Using face masks is common practice elsewhere in the world, but the United States is quickly becoming familiarized with the practice. In many East Asian countries, masks are worn at different times of year to help protect people from breathing smog or spreading germs, say, if they have a common cold.
In response to the COVID-19 pandemic, the CDC has now officially concluded and recommended that we should wear masks. Though homemade masks, or cloth masks, are not as effective as the medical masks being used in hospitals, they provide enough protection to make them worthwhile. Furthermore, any of the serious medical-grade mask that are out there should be going to the medical professions.
So, in order to go out as prepared as possible, here’s a quick rundown of what makes a good mask, how to put one together at home and where we should be wearing them.
What Makes a Good Homemade Mask
According to a study published by Cambridge University Press, vacuum cleaner bags are thought to be comparable to surgical mask in filtering effectiveness. As a result, the good people at eVacuum Store have provided step-by-step instructions for how to make a face mask from the appropriate vacuum cleaner bags. And, at least for the time being, the necessary bags are available for purchase on their site.
Another material that performed well in the study, one we are more likely to have at home, is cotton fabric: dishtowels, high thread-count sheets or jeans. The gist behind using cotton for a mask is that the tighter the weave, the better the blockage. A basic test for this is holding the fabric up to a light. Choose the material that blocks out the light the best. T-shirts, handkerchiefs and scarves are second tier options.
On the other hand, paper towel masks, despite YouTube videos and online instructions, have been found to be virtually ineffective.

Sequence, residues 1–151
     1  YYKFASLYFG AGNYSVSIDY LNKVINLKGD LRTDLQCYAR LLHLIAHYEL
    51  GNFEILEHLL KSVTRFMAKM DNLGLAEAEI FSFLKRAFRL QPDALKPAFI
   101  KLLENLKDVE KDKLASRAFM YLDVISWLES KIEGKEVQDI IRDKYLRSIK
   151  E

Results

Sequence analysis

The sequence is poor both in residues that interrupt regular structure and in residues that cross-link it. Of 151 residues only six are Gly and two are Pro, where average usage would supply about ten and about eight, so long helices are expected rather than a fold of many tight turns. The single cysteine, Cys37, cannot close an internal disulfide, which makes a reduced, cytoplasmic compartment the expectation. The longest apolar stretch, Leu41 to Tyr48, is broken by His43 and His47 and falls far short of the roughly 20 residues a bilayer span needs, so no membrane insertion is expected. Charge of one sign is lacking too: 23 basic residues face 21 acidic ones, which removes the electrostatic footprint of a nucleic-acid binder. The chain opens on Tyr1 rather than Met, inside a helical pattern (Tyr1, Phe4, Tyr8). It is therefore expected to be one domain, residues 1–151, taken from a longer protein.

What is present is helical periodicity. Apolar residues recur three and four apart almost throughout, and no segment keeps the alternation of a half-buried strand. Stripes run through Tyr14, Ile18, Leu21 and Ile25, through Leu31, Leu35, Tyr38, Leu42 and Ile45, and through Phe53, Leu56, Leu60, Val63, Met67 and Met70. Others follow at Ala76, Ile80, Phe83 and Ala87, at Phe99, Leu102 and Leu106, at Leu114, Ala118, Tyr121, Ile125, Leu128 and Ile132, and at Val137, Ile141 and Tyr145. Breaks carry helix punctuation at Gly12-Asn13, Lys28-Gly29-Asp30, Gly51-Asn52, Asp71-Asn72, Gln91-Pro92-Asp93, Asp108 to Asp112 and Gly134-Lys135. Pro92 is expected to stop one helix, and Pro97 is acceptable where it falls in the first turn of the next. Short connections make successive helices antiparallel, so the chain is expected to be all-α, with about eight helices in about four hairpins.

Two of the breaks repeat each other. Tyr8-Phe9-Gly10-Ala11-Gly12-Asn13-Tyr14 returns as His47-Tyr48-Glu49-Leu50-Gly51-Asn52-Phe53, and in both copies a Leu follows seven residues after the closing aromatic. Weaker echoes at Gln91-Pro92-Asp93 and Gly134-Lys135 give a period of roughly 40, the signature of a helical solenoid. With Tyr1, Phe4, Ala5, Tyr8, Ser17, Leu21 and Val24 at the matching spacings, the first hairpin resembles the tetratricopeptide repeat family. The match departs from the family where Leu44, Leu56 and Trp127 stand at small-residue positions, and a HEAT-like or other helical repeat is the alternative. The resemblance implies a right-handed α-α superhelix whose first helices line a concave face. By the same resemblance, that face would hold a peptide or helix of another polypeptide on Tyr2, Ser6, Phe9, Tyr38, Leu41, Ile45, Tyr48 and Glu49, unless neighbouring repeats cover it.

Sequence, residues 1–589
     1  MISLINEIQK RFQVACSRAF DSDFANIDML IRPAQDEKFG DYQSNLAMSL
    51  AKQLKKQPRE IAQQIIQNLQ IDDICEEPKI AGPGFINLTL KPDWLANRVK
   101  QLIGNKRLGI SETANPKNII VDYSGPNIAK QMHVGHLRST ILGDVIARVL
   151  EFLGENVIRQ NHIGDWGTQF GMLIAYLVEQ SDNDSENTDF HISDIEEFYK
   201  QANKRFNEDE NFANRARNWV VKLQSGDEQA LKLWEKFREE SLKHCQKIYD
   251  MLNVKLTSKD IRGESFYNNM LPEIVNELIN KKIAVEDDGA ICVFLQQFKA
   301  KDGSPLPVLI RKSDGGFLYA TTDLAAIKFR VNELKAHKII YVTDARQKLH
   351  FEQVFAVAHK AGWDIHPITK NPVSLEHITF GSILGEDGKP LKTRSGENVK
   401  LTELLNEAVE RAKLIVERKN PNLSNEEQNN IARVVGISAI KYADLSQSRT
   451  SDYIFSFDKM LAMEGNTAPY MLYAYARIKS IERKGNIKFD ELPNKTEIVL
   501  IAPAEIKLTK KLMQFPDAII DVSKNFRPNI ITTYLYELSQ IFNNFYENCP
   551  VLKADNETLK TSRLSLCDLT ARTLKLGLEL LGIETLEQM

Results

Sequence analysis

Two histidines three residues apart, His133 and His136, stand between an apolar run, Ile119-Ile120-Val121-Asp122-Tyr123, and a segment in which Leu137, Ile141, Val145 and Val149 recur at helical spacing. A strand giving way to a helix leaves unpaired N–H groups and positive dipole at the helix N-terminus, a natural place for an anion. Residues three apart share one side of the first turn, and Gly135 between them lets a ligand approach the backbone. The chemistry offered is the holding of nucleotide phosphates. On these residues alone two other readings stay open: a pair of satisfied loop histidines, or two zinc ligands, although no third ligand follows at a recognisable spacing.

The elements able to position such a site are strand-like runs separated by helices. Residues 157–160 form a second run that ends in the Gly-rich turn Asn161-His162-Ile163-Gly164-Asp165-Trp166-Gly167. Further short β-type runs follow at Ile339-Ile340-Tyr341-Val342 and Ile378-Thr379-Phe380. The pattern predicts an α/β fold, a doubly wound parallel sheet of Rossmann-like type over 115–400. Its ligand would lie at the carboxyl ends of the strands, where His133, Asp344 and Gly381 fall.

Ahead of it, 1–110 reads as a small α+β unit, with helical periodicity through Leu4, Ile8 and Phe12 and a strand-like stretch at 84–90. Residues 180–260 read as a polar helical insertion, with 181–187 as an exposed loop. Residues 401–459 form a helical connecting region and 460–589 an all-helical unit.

How to Make a Mask from a Dish Towel
Most of us will have a dish towel or cloth napkin (or similarly sized cuts of cotton material) at home, and these items can easily be converted into a face mask with nothing more than the material and a couple of rubber bands.
- Start by spreading the material out on a flat surface.
- Fold two opposite edges so that they meet in the center.
- Flip the fold material over so that the flaps are now facing down.
- Repeat step two, folding the same (but now closer) opposite edges so that they meet in the center.
- Flip the material back over. At the point, there is a line down the center of both sides of the cloth.
- Put a rubber band (or hair band) around each side of the material, leaving enough space between them to function as a mask. It’ll look a little like a tootsie roll now.
- Fold the outer portions of the material into the center, over the rubber band, so that they meet in the middle.
- Flip the material over one more time.
Now, that’s a pleated cloth face mask. The rubber bands loop around the ears, and the pleated mask can be adjusted to fit snugly around the nose and under the chin.
Where We Should Wear Masks
As fun as the DIY mask is to don, a sort of Zoro-like mysteriousness, medical professionals are not suggesting that we need to wear them everywhere. The modus operandi is to put them on when we go to essential places where people congregate, such as the supermarket, hardware store or mass transit.
Even with social distancing in order, sometimes we can’t help but break boundaries or get into airspace where someone might have coughed, sneezed or spew out saliva droplets. While these masks can’t fully filter out coronavirus microbes in the air, they do prevent larger droplets that might pass between people. By no means do DIY masks fully protect us from COVID-19.
They have, nevertheless, now been recommended by officials, with them citing “better than nothing” as a valid reason. Because the virus can be spread via aerosolized particles that make it through these rudimentary masks, wearing one isn’t a license to ignore social distancing or go to places frivolously.
Who Should Be Wearing Them
All people capable of wearing masks, including children, should do so when needed. DIY medical masks are just one more way we can protect ourselves and neighbors by being responsible with our actions. In reality, we are first wearing them for others in case we are unknowingly infected: The mask will block our saliva droplets and the aerosolized virus. The masks, though not foolproof, have also demonstrated the ability to protect the wearers. Stay safe.
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